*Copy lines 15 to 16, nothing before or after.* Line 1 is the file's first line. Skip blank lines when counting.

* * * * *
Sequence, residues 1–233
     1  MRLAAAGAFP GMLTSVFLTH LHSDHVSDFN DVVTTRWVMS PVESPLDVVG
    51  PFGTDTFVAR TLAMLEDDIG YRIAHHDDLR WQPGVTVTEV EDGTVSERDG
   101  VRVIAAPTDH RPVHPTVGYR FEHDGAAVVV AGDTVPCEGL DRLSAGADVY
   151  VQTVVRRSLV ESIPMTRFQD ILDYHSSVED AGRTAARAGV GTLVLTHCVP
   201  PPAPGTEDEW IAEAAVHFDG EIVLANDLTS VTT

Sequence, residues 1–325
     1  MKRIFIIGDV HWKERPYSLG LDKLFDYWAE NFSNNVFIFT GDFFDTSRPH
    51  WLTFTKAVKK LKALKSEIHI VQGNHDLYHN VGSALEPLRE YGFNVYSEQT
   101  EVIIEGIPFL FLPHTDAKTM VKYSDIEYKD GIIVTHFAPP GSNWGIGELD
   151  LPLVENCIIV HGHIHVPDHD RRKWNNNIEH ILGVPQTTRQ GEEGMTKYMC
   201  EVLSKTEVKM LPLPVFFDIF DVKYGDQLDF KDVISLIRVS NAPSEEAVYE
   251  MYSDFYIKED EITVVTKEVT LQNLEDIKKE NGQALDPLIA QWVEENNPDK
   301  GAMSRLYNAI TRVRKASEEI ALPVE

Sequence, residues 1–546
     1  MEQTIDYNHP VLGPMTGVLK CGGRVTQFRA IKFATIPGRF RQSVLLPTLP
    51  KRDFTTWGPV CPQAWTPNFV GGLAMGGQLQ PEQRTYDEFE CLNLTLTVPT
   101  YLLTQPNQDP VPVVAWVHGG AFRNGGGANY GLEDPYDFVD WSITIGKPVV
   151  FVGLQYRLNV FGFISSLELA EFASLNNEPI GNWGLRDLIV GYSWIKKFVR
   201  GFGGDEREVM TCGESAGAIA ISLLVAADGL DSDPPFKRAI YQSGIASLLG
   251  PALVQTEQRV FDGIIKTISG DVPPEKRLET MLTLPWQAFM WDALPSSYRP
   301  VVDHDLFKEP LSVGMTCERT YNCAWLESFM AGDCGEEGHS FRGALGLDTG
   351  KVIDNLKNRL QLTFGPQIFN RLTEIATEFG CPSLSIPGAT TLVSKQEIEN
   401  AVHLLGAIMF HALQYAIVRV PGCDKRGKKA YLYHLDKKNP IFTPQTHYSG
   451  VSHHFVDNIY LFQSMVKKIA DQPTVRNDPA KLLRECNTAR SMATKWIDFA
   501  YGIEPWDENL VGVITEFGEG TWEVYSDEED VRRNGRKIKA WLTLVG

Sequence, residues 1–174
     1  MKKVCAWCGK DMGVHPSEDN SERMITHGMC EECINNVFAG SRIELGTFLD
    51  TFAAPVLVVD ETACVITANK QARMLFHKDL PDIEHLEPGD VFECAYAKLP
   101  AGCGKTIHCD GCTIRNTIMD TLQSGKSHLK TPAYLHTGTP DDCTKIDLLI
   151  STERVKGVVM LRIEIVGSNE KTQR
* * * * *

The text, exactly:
Sequence, residues 1–546
     1  MEQTIDYNHP VLGPMTGVLK CGGRVTQFRA IKFATIPGRF RQSVLLPTLP